Economist Sandra Black looks at the long-term effects of school starting age and family background
April 30, 2012
“Redshirting” is a popular term among parents of the pre-K set, and it has a lot of parents asking a familiar question: Is my child ready to start kindergarten, or would she or he benefit from delaying this debut into the world of no naps, homework, grades and real scissors?
A term borrowed from the sporting world — “redshirting” — describes how some parents opt to hold their child’s kindergarten start date back a year to allow more time for maturation and preparation for the increased pressures of kindergarten. However, research and media offer mixed reviews as parents struggle to make the decision that is best for their child.
“If this is going to be his job for the next 13-plus years, I want him to have the best start he can have,” says Courtney Knutson Graham, a McKinney mother of two, about her youngest son Oliver, age 4. “There is a lot of pressure on kids these days in school and it starts early.”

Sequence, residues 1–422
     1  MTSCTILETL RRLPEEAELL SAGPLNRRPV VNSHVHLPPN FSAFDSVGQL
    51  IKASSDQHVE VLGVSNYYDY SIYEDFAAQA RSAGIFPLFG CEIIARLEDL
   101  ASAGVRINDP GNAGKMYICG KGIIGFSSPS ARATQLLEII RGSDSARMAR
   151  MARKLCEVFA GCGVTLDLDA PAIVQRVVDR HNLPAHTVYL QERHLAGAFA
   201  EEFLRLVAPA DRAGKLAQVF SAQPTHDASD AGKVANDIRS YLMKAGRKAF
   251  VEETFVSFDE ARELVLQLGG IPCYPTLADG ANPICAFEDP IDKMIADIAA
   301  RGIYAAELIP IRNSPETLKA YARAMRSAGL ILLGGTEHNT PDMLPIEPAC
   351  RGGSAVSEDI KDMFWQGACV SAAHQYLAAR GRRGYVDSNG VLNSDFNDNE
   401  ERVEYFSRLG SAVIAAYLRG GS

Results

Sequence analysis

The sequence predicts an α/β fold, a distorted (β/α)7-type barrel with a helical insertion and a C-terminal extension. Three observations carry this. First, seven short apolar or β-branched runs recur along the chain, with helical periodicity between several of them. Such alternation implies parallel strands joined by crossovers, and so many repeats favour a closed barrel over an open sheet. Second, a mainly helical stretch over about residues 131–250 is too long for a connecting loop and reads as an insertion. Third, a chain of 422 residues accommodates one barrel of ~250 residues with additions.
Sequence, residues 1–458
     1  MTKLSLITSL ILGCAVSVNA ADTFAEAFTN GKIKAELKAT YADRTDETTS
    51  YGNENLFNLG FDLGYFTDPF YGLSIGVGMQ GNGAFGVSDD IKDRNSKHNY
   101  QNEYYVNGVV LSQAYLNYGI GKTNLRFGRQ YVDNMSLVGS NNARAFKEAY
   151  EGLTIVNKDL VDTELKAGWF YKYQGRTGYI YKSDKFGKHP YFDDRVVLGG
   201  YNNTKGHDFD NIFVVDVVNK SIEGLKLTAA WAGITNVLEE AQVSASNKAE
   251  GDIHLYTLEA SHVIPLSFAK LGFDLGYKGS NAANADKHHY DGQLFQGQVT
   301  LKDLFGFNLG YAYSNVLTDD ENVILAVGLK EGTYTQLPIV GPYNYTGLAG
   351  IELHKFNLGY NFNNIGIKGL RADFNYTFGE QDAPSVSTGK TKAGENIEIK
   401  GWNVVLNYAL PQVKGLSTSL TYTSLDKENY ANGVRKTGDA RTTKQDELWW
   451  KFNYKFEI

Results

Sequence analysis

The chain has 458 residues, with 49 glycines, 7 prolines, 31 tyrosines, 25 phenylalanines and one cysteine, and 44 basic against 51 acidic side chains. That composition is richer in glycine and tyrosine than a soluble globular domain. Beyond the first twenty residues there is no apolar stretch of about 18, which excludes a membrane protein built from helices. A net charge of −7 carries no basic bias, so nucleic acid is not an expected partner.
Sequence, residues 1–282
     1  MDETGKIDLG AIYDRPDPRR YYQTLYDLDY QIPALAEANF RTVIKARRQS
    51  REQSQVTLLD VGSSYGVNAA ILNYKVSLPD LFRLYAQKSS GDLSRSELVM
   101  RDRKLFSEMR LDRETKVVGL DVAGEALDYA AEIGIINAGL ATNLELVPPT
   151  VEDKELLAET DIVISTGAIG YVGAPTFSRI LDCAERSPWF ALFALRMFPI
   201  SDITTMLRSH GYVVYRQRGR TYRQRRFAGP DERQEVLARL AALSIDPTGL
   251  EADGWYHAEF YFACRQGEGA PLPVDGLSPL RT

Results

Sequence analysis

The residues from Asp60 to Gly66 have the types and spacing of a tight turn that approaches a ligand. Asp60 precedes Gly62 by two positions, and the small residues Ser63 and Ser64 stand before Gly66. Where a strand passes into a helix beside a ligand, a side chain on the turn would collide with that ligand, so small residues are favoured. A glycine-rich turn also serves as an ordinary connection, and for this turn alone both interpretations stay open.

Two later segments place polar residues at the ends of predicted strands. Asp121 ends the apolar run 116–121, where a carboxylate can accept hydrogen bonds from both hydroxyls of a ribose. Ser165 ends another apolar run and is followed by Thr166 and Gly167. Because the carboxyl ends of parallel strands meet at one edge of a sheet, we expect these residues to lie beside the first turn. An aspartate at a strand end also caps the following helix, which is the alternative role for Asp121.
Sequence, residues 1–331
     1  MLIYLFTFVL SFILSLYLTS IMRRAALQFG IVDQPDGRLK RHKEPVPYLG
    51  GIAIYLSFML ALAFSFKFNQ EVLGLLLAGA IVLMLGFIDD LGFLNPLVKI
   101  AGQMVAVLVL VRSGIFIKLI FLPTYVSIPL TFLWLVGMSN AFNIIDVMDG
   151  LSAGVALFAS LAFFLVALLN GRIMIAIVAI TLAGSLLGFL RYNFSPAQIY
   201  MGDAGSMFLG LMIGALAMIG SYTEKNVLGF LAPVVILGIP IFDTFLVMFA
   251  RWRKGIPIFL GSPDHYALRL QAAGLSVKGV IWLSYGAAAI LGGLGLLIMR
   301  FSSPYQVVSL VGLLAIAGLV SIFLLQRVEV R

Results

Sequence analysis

Sandra E. Black, a professor in the Department of Economics, looks at how family background and early childhood experiences such as birth order, family size and birth weight affect long-term outcomes and if there is a role to equalize the playing field. She also studies education policy, including the effect of school starting age.
Her findings show little evidence that starting younger has an effect on ultimate educational attainment as some of the previous literature suggests. For men, starting a year later reduces education by one year for about one in 20 men, and the results are similar for women.
She also finds that younger children in families are likely to be less educated and earn less than their older siblings.